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The TTI didnt conduct the studies an outside agency did.  Almost any industry is going to conduct studies to see the outcome of their work whether it be the auto industry, the food industry or the medical industry.  

Although Schizophrenia is an interesting topic it doesn't apply to every discussion.


--- End quote ---

Not schizophrenia, but the double bind, and it does. It is inseperable from the TTI.

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It is interesting that you think this.  I have never seen this used or heard about it being used in any of the models that I have read about.  Is this an old CEDU  thing?  How was it used on you?  Can you share examples?

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It’s not so much a question of being used within a model, the TTI itself is a model of the double bind and vice versa, and the double bind is the overall context within which therapy is held, and therefore is part of the definition of it.  I thought I had been pretty clear in the link.

A better approach to understanding it is to ask the question ‘how does the TTI not represent a double bind context? ‘  

I’ll try to give a possible example. A great many program teens (I like to call them projectipants, or projected participants due to the inability to identify their level of personal involvement) are enduring therapy in a program against their will.  You’ve heard the phrase ‘ you can lead a horse to water but you cant make him drink’, well neither can you make a resistant teen ‘want’ therapy, or want to personally grow, or force someone to improve their self esteem.  

I know it requires actual experience to understand, but can you imagine being forcefully taken from your home and detained and then have those people put you through a process where you were supposed to work on improving your self esteem in some way, say ‘ exhibiting more confidence’ or ‘ learning to take a compliment well’.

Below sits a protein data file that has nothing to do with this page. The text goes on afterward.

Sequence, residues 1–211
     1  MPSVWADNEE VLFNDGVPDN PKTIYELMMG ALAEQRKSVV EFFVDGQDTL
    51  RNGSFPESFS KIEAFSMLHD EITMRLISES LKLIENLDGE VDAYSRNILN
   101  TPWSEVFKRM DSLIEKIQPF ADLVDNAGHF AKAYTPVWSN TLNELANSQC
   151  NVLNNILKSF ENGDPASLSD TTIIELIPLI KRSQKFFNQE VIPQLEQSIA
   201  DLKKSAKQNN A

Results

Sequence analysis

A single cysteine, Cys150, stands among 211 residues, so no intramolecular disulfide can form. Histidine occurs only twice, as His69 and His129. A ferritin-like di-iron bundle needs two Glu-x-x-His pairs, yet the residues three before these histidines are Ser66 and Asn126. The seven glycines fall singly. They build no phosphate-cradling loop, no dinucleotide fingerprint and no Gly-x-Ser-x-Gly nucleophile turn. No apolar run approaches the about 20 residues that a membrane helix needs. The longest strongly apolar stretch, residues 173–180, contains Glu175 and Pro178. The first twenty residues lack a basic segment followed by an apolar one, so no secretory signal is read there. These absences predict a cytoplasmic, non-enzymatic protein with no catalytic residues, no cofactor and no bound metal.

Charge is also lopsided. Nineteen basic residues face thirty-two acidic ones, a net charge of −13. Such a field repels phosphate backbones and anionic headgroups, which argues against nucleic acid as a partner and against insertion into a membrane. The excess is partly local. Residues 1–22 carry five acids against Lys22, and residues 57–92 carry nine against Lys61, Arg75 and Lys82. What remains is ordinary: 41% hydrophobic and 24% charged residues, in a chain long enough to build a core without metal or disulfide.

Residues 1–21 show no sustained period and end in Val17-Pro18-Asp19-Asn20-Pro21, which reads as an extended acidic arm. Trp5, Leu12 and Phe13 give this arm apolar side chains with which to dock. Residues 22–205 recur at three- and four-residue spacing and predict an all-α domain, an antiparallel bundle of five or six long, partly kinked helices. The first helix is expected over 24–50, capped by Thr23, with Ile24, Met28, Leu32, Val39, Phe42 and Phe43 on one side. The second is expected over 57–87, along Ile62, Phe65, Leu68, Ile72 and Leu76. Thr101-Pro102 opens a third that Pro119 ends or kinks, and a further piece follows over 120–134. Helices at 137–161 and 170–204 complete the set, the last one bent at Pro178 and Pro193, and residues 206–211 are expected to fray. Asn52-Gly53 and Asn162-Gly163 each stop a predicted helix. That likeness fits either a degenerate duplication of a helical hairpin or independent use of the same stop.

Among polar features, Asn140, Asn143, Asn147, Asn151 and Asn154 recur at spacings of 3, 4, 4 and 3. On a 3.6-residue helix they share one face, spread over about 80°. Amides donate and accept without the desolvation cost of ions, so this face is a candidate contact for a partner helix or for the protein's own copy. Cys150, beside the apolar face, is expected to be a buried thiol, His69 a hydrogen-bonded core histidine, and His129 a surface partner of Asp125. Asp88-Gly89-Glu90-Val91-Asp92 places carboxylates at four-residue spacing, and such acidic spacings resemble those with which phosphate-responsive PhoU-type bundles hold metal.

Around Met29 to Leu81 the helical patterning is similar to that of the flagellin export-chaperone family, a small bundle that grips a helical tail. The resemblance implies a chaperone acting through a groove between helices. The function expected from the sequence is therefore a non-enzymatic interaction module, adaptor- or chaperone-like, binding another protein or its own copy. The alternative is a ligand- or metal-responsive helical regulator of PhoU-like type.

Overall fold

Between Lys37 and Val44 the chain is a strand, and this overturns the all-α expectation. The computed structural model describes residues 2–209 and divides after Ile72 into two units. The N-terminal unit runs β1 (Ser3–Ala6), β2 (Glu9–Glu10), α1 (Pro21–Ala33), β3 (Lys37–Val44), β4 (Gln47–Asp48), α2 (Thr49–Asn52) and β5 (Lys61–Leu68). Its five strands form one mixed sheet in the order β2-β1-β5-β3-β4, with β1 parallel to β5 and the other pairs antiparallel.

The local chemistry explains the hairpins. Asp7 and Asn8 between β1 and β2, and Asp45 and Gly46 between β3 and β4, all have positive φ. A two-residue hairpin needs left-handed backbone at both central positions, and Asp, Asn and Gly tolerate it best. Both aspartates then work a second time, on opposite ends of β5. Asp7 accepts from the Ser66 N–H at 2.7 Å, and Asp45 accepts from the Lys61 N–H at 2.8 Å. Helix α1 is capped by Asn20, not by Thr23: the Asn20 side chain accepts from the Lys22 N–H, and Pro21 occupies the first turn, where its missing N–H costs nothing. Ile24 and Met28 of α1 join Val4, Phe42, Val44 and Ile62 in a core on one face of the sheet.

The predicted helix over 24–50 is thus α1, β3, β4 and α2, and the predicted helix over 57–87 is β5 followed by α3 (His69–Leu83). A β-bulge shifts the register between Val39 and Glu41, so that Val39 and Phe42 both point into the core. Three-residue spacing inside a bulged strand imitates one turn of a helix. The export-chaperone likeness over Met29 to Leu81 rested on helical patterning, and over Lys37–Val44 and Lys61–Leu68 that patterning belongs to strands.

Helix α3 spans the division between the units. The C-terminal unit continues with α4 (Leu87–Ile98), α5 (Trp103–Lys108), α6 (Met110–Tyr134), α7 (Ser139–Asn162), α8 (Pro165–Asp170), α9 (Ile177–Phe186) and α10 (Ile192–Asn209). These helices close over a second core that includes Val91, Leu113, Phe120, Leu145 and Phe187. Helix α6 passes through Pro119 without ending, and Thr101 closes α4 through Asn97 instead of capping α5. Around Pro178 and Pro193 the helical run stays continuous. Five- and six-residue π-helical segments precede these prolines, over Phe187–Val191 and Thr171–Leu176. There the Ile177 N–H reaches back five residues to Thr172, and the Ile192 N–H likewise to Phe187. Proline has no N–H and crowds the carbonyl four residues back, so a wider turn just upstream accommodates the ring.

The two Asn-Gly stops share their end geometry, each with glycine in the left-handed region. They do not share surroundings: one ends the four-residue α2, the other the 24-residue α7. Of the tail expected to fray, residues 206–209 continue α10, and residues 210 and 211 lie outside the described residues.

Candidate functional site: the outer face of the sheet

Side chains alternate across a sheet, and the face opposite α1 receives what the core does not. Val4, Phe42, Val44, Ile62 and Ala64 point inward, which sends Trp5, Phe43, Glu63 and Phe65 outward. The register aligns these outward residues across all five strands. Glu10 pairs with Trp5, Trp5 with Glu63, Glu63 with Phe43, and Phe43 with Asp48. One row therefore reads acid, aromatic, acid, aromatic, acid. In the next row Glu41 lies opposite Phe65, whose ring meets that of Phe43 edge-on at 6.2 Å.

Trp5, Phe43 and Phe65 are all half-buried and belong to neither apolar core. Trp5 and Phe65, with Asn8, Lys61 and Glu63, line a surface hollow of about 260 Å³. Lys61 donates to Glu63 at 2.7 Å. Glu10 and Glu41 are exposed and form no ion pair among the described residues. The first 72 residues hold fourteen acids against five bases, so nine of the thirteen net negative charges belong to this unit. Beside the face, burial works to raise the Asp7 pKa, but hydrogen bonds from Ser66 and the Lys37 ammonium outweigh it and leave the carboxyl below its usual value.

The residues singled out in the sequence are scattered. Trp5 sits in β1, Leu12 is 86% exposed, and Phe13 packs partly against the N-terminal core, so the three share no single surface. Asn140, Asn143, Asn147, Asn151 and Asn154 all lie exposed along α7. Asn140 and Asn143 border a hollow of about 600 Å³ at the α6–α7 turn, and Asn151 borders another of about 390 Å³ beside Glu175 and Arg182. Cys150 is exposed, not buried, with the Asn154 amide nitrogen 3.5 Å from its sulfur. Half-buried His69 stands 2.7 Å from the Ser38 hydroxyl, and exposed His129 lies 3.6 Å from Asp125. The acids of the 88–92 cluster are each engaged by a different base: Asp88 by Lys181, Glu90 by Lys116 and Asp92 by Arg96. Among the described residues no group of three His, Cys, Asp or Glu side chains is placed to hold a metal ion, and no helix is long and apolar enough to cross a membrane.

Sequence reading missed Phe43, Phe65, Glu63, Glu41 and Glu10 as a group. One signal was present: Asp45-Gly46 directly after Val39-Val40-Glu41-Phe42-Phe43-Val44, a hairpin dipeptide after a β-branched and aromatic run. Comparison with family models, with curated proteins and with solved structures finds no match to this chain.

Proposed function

It is laughable, for someone living in reality, and not in a program, to hear about this taking place. But it is distressful and dissociating to actually have to act in this context.

Can you imagine being held against your will by someone who says, ‘I keep complimenting you on how smart you are, why won’t you just accept it? You just shun me away like you don’t really believe that about yourself.’

Btw if u want to continue this on the Double Bind thread please do.

--- End quote ---

--- Quote from: "DannyB II" ---
--- Quote ---It’s not so much a question of being used within a model, the TTI itself is a model of the double bind and vice versa, and the double bind is the overall context within which therapy is held, and therefore is part of the definition of it.  I thought I had been pretty clear in the link.

A better approach to understanding it is to ask the question ‘how does the TTI not represent a double bind context?    

I’ll try to give a possible example. A great many program teens (I like to call them projectipants, or projected participants due to the inability to identify their level of personal involvement) are enduring therapy in a program against their will.  You’ve heard the phrase ‘ you can lead a horse to water but you cant make him drink’, well neither can you make a resistant teen ‘want’ therapy, or want to personally grow, or force someone to improve their self esteem.  

I know it requires actual experience to understand, but can you imagine being forcefully taken from your home and detained and then have those people put you through a process where you were supposed to work on improving your self esteem in some way, say ‘ exhibiting more confidence’ or ‘ learning to take a compliment well’.

It is laughable, for someone living in reality, and not in a program, to hear about this taking place. But it is distressful and dissociating to actually have to act in this context.

Can you imagine being held against your will by someone who says, ‘I keep complimenting you on how smart you are, why won’t you just accept it? You just shun me away like you don’t really believe that about yourself.’

Btw if u want to continue this on the Double Bind thread please do.
--- End quote ---

Awake you make it all sound so simple like you get it and the thousands of professionals in and out of the TTI don't. This is a amazing analysis, Double Bind. It is a model for the Program I attended yet I seriously don't believe that Joe Ricci or Dr. Gerald Davidson understood or where cognizant of, the complexities of this method/manipulation of communication, no way. They did not know this is what was going on nor the power of it (neither did I).
Now I have a little brain here and I will try to ask the questions I have been wanting to ask since this came about. Here is a comment you made above, "A better approach to understanding it is to ask the question ‘how does the TTI not represent a double bind context"? Please explain.  Another question what happens when all the examples are not met you mentioned above and the program is not forcing you to do the behavioral modification exercises but rather Teaching. Isn't being taught optional in it's essence, you (the projectipant) decide.


P.S. I am also posting this on the Double Bind thread.
--- End quote ---

....... So heres my answer... next